Brusque Counselling For Unhappy Couples

Why do people choose to co-exist with partners they no longer feel anything for, and in some cases despise? It all just seems a massive waste of time...
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Why do people choose to co-exist with partners they no longer feel anything for, and in some cases despise? It all just seems a massive waste of time...

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Three times this week I've been in conversations, or have heard people having conversations, that went something like... "I hate my relationship but if I end it, I am back to square one"

Surely ‘Square One’ is yourself, an independent, happy, striving, functioning, characterful person. I don’t want to start sounding like ‘Sigmund Void’ here but if you aren’t happy with yourself you will possibly never be happy with anything, or anyone. And if you feel the need to be with someone who you have lost all respect or fondness for, to validate your own being, then it’s a bit of a poor show, sorry. Why shroud yourself in a relationship, any shoddy relationship, in order to not face the alternative.

Being single has always been great fun as far as many are concerned, certainly as much if not more fun than being in a relationship. Of course there are pros and cons…. No, you don’t always have a companion to spend your slack time with, or someone at hand to debate the nuances of the news, or art or music, or someone to be affectionate toward, or will be there for a roll around everySunday morning. But hopefully you do have friends to do most of those things with, so you’re not really going without that much.

Many people say fear of loneliness is a reason for not ending a relationship, but surely being with someone you no longer care for, or no longer cares for you, is the loneliest situation of all?

When you’re single you have is the freedom to explore whatever avenue of life you chose without having to consider someone else. If you want to bunk off to join an old mate on a gastronomic tour of Italy you can be on a flight without any consultation, and regardless of whether they be male or female, and old girlfriend or boyfriend or a someone you know from work. Also you never have the responsibility of having to abandon all plans should your ‘significant other’ need your support. That support could be anything from filling in an application form to burying her mother. Sometimes a partner can stymie fun and adventure rather than be a welcome addition.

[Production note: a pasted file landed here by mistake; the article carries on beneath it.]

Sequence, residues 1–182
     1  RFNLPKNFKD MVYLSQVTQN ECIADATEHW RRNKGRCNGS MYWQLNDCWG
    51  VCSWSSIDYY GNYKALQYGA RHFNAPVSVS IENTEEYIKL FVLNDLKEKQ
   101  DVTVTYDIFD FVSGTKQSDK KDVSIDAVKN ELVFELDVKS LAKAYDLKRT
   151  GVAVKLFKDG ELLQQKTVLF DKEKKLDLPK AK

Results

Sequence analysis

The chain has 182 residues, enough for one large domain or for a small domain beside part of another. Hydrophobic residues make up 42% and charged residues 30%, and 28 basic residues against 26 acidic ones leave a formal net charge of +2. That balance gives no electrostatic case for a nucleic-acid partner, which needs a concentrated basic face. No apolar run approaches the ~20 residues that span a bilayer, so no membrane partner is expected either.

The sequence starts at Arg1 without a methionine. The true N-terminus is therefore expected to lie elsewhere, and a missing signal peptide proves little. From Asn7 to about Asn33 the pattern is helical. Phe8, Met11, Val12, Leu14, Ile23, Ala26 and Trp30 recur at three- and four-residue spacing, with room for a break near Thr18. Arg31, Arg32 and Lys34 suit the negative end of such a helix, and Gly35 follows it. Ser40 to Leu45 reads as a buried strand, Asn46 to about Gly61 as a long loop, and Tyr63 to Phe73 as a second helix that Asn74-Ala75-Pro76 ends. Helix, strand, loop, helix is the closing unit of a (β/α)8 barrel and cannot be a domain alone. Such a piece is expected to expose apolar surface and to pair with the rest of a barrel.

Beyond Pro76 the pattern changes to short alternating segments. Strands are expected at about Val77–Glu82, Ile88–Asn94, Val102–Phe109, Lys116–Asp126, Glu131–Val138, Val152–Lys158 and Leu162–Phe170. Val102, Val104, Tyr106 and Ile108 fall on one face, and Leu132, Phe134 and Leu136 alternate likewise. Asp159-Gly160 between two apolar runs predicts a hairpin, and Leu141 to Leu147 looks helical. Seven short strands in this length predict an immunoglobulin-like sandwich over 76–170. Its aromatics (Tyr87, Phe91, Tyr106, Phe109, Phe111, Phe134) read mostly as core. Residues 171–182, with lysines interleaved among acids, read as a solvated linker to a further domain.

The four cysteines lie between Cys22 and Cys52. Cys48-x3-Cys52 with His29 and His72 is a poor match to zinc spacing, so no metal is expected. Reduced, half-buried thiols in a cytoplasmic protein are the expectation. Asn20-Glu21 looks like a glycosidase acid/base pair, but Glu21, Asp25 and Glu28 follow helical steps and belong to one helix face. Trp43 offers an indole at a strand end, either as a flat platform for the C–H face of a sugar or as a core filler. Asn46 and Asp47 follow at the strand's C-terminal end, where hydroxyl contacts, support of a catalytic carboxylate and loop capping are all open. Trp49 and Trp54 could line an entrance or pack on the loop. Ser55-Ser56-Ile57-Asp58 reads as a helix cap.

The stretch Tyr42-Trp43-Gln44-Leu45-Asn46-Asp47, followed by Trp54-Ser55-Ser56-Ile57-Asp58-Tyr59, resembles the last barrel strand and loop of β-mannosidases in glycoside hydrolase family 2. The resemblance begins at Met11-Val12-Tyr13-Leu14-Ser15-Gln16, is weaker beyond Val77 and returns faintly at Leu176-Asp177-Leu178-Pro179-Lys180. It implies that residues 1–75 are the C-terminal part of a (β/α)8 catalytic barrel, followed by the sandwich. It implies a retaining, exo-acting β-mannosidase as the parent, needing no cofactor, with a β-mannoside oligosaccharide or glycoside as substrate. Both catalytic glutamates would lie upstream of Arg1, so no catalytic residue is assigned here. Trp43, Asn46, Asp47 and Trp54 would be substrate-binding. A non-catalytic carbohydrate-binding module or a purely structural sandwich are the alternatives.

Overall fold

Being single also puts you in the perfect position to find someone more suited to you!

I am blessed with very expressive female friends who feel happy candidly confiding in me. I once had a heart to heart with one such friend on the subject of a relationship in which I concluded that ‘Sorry but your relationship sounds moribund…… and you can’t polish a turd”. To which she replied “You’re right, you can cover it in glitter though…… but now it feels like it’s all worn off”. I love a bit of excrement based contemporary philosophy me.

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I heard last week that someone I was once involved with has been made aware that her boyfriend is now doing the dirty with prostitutes rather than colleagues and that there’s a fair chance that she will have contracted some sort of STI from him. What did she do about it? Nothing! Has her self-esteem been eroded so much that she would not only stay with a nobhead but risk her health (with the addition that people know her business) rather than face the option of being single. I would like to think that unhappy couplings are rare, but the more I hear the more I realise they’re quite common.

I had another friend who clung by his fingernails to a relationship that made him completely miserable, because he was convinced he was in love. The problem was that he didn’t actually like her, the way she operated, would have never had her as a friend. He felt bewitched, consumed, trapped. When he did finally rip himself away mates were around to help him over the hump, he soon shaped up and into happiness again. When the episode comes up in conversation these days he says that now, with distance, it feels like it all happened in a film that he watched, rather than actually happening to him, and doesn’t know what was going on but his life would have been a mess had he not ended it. Imagine if he had have stuck with that relationship! Some people do, all their lives, afraid to leave it.

I read something last week, framed on the wall of a coffee shop….. ‘We are all looking for that happy ending’.

I may produce something similar, it will read something like…. 'Maybe the happy ending is ending the shitty relationship that you are in, rather than biting the bullet, getting married and procreating with a fucking pillock just because you are scared of going to the cinema on your own’. I reckon it will sell a few, after I’ve done a bit of editing.

Robin Howard Lee is available for ‘brusque’ couples counselling, good laugh drinks or cups of fruit tea in Soho, Camden, Islington and Hull, usually in the afternoon.